On the first page of Becoming a Haiku Poet, author Michael Dylan Welch states, “While too much information can also impede the poetic impulse, with haiku, as with other genres of poetry, it’s worthwhile to move beyond superficialities.” This book does that.
In this slim volume, Welch covers many topics including the use of objective imagery, implication and suggestion, as well as defining some Japanese terms (kire, kigo). All of this helps introduce the reader to a deeper and clearer understanding of haiku. Welch tackles the sometimes contentious issue of syllable-counting, and he is definitive—haiku is a genre of poetry, not a form.
There is a useful resources list at the back of the book, as well as suggestions for next steps, and a “Haiku Checklist” for those just starting out on the path of the haiku poet. Importantly, Welch encourages reading as well as writing.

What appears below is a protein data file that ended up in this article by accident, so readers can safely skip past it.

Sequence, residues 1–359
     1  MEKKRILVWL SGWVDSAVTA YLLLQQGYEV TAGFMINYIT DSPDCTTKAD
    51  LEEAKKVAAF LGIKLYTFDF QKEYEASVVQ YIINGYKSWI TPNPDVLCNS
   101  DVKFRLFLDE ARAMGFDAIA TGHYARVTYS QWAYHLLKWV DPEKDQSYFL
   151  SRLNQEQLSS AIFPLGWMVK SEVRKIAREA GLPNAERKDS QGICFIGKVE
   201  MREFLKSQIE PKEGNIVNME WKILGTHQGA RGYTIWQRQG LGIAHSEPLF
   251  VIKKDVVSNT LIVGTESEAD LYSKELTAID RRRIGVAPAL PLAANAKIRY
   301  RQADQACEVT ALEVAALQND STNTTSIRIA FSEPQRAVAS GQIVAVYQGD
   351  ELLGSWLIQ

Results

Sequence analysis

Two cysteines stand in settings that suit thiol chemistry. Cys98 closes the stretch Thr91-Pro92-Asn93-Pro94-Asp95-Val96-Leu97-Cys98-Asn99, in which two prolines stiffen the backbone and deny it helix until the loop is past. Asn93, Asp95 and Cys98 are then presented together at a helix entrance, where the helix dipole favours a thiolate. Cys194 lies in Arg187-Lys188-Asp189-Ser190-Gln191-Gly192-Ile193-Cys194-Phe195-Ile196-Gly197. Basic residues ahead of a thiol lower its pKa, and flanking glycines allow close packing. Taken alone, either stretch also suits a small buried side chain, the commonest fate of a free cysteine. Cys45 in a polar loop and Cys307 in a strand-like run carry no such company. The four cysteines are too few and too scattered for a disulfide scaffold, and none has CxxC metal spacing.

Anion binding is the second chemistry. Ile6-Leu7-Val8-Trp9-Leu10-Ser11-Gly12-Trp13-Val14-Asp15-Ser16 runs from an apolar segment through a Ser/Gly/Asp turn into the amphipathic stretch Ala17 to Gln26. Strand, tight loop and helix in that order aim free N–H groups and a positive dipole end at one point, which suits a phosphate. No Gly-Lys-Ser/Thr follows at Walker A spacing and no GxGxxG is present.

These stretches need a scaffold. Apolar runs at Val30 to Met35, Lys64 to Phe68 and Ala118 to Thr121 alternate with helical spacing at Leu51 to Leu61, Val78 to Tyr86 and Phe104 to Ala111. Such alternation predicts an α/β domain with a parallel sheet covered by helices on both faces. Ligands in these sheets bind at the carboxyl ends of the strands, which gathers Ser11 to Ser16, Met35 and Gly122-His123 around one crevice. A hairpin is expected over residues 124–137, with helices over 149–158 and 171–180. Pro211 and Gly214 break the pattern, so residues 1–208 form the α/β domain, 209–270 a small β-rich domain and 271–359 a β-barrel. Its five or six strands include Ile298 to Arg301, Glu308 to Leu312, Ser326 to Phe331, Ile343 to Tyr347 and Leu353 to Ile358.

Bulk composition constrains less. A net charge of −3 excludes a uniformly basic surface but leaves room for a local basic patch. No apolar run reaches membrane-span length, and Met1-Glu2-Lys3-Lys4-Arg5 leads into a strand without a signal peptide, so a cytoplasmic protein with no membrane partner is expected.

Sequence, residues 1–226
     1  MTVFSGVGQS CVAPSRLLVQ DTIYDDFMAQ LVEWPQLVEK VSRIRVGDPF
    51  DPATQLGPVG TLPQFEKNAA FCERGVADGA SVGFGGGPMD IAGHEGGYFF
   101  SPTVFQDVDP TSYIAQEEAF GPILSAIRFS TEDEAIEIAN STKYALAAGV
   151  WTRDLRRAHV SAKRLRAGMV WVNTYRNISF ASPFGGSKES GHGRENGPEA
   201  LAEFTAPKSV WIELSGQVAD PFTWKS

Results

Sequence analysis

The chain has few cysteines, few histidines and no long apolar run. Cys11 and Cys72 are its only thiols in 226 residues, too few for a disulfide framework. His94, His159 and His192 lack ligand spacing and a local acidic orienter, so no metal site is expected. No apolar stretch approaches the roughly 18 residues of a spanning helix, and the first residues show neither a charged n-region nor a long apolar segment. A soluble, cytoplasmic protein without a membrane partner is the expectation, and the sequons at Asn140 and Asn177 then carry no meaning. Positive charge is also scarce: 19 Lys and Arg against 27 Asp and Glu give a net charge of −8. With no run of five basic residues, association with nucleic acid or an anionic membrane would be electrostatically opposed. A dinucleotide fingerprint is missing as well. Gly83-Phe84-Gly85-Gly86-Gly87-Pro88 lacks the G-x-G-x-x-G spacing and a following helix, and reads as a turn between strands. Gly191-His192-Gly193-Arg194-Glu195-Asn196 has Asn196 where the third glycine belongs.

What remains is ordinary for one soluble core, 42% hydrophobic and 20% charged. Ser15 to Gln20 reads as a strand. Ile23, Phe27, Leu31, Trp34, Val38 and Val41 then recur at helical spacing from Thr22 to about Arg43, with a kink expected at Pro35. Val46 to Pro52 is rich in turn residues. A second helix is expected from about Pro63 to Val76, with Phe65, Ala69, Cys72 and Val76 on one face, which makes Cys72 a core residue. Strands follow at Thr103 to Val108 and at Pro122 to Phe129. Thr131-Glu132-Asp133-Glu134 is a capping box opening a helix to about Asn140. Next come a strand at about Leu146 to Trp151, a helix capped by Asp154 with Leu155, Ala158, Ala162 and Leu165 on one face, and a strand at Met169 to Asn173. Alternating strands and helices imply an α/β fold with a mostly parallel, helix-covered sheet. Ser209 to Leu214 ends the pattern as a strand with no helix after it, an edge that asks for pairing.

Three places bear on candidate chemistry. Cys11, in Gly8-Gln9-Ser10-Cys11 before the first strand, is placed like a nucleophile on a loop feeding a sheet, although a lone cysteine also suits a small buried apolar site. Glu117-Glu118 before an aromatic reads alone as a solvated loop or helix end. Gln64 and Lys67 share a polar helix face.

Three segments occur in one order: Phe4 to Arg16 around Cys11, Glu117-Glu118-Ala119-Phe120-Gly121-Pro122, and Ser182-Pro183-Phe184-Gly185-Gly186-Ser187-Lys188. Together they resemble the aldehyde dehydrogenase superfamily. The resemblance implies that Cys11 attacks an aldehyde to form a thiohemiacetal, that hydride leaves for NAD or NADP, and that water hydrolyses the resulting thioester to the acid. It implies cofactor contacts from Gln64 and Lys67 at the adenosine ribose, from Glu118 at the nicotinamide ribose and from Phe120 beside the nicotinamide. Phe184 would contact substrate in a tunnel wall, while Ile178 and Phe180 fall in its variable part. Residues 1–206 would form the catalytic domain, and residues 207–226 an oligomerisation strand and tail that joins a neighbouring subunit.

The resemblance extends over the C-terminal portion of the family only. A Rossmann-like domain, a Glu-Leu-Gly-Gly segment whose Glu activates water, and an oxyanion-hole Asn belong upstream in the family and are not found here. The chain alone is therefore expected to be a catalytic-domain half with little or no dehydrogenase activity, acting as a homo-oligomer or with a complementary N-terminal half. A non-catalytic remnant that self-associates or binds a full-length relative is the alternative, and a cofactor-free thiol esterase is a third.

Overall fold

The excellent examples of haiku included in the book—both his own and by other well-known poets—are left to be examined by the reader without any specific exposition. Welch sets the reader on the path in this way—allowing them to begin exploring and understanding haiku on their own terms, and from their own perspective.
His conclusion, however, is more of a rant—he is stridently critical of “pseudo-haiku” and “the popular misperception of haiku merely as a 5-7-5 poem.” It might have been better to emphasize to new writers the importance of trust—to trust that their readers will make the leap necessary to understand their haiku, and also to trust that by continuing to read and write they will become better haiku poets over time.
This is a guide for beginners, but it may seem that Welch sometimes forgets it. For example, he encourages people, as a next step, to teach haiku, or to form a local haiku group. This is a stretch, but it is possible, and I should know—I’ve done it!
“As simple and profound as haiku itself. As I read through this book, I kept thinking, ‘This should be in classrooms.’ Clearly, Welch loves this unique poetry form, and wants to share that love and passion with others. If you ever wanted to try your hand at haiku, I would highly recommend this book. I’ve been writing for several years, but Welch inspired me to dig a little deeper. A purchase well made.”
—Sheri Bonner, on Amazon